After almost twenty years, we have lost over 7,000 killed, suffered over 50,000 wounded, and spent over $5.4 trillion, in Iraq and Afghanistan alone. And that doesn’t even account for our total human and monetary costs in the greater Middle East over the same period of time. More so, there is no way to begin to count the impact of lives shattered, relationships destroyed, and continued loss of life through suicides.
Some would say this is the cost of war. Perhaps. But in a war, loss should have an objective.
That objective must be to deliver a better state of peace. It should have a theory of victory to make that happen. We teach this to our strategists and future general officers at our war colleges. Under our Constitution, war should have the approval of Congress, and thereby consent of the people, to achieve those war aims.
But yet, after almost twenty years of war we don’t have any of this in a coherent fashion. We are still no closer to victory nor do we even really have a realistic idea of what victory looks like. We haven’t been honest on the conduct of the war. We have continuously shifted our war aims. We have paid staggering opportunity costs, immeasurable amounts of treasure, and most importantly, an unimaginable number of lives—again over 7,000 dead and over 50,000 wounded. After all of this, we owe it to those in uniform, some of who weren’t even born on 9/11, to be brave enough to ask, “When will it be enough?”
With a new year and a new administration, we have the opportunity to answer that question. I had hoped that we would begin to see the light at the end of this tunnel. However, with such appointees like newly confirmed U.S. Secretary of State Antony Blinken and his proven track record of military intervention, we are reminded once again that the more things change the more they stay the same.
When it was my time to question Antony Blinken at his nomination hearing on the lessons learned from his involvement in continuing our combat operations in the Middle East, he proceeded to dance around the issue, standing firm in his beliefs that we must advance American diplomacy as our first answer, rather than engage in war and conflict. We can only hope he believes that.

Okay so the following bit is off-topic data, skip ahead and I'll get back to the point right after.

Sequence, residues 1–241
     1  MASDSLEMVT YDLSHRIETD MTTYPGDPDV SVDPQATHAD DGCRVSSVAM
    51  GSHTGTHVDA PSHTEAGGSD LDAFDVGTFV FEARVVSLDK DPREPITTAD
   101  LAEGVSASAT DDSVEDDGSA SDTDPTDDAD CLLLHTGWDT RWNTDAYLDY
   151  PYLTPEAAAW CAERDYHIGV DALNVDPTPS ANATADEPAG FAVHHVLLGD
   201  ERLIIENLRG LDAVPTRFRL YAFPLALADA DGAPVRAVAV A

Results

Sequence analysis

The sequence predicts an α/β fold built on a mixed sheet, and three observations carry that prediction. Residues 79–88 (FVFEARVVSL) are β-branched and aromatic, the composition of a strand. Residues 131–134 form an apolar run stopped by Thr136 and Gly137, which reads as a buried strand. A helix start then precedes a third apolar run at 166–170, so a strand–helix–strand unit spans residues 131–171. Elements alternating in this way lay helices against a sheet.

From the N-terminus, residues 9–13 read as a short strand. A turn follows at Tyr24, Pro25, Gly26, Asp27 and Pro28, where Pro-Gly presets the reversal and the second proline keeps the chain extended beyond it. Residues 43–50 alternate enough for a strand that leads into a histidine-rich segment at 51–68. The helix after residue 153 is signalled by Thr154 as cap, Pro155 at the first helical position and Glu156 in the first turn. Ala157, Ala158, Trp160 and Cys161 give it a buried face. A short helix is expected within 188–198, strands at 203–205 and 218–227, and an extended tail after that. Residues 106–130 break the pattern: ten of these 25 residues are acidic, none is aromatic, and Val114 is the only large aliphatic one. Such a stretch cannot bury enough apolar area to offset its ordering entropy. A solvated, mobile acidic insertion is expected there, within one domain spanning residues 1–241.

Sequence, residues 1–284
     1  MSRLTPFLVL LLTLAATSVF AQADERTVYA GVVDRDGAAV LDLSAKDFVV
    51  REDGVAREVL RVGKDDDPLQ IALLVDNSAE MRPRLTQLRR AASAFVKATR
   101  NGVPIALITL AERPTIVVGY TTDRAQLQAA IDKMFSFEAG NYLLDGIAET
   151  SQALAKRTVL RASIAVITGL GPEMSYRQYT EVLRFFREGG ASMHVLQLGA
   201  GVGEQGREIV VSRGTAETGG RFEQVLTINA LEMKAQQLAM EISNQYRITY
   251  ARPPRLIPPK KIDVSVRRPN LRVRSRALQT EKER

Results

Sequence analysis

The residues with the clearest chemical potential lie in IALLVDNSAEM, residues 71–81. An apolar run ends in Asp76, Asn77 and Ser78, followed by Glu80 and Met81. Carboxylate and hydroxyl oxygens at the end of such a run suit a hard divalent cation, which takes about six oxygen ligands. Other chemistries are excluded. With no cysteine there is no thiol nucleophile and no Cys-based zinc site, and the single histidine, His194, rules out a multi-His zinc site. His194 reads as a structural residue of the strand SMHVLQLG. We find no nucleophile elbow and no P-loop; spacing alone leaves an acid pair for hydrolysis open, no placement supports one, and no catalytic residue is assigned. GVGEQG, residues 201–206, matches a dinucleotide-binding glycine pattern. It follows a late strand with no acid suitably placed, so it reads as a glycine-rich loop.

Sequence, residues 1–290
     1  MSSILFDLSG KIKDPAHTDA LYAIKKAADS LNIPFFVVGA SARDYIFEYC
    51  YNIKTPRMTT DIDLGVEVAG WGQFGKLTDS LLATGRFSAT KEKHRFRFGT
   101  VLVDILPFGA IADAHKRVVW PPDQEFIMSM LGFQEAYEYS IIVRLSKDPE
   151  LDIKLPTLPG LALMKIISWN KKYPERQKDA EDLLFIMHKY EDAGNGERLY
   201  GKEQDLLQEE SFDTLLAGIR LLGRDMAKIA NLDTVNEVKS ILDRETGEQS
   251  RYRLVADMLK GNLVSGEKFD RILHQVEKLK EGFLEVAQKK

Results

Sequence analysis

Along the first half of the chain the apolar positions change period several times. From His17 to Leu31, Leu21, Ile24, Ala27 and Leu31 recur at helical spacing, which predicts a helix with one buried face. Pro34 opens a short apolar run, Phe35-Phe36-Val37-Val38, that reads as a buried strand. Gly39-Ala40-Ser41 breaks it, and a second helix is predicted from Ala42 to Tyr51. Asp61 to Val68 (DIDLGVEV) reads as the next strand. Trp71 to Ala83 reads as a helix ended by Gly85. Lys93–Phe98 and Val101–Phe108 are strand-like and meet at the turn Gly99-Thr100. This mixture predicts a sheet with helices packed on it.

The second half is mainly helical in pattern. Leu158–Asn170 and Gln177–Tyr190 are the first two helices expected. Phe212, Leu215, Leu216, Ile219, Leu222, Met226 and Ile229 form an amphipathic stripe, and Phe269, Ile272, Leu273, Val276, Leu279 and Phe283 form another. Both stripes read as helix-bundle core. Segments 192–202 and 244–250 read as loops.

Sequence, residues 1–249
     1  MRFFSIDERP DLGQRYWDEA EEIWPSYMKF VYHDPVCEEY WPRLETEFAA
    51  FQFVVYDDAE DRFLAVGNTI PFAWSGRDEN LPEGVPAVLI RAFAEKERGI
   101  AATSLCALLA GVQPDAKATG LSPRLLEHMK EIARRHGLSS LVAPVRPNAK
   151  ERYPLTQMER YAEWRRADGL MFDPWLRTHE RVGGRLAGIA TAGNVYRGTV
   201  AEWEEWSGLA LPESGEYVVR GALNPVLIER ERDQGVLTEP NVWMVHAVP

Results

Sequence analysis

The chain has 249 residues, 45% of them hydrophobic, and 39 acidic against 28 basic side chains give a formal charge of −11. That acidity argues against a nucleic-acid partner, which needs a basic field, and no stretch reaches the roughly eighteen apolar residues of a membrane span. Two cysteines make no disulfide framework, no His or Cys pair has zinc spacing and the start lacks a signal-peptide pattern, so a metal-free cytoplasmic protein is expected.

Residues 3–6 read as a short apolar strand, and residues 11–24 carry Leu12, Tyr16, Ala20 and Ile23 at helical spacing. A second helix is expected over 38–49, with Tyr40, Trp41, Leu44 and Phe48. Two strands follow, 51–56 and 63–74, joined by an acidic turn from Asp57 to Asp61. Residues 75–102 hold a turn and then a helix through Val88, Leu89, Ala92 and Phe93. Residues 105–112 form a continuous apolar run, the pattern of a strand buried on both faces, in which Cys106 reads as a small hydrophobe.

During the questioning, we addressed the fact that he, along with then-Vice President Joe Biden and President Barack Obama supported toppling Muammar Gaddafi in Libya. It wasn’t long after that they realized no rival power is capable of replacing Gaddafi and chaos ensued.
One would think they would have learned from what happened in Libya. Why then did they advocate for invading Syria? The failure in Syria, he said, wasn’t doing enough. I disagree. We have seen time and again that regime change does not work.
My concern for us as a country, however, is that it seems that Mr. Blinken will default to the past, continuing on an interventionist path using military force with no clear objective. A path that has had a consistent track record of failure in past administrations.
President Biden has a golden opportunity in the coming days to reset American foreign policy and end our seemingly endless war. We must return to thoughtful diplomacy that doesn’t rely on the bayonet to achieve something we can’t clearly define. We must be willing to keep open lines of communication. To stand firm when necessary, but have an open ear where possible. We must return our military “over the horizon” to reset and refocus on our true national security interests.
But it seems the confirmation of Mr. Blinken means we are far from taking that path.
It would be so easy to neglect my duty as a U.S. Senator and “go with the flow.” I will not. I have continuously led the fight to reassess our foreign policy, to end our “forever war,” and bring our fighting forces home. I have been and will continue to be vocal about finding a way to make this happen. And now that means reminding Mr. Blinken, and all those who he brings with him, the errors of their past ways. I urge my colleagues in the 117th Congress to do the same.
Rand Paul is a U.S. senator from Kentucky.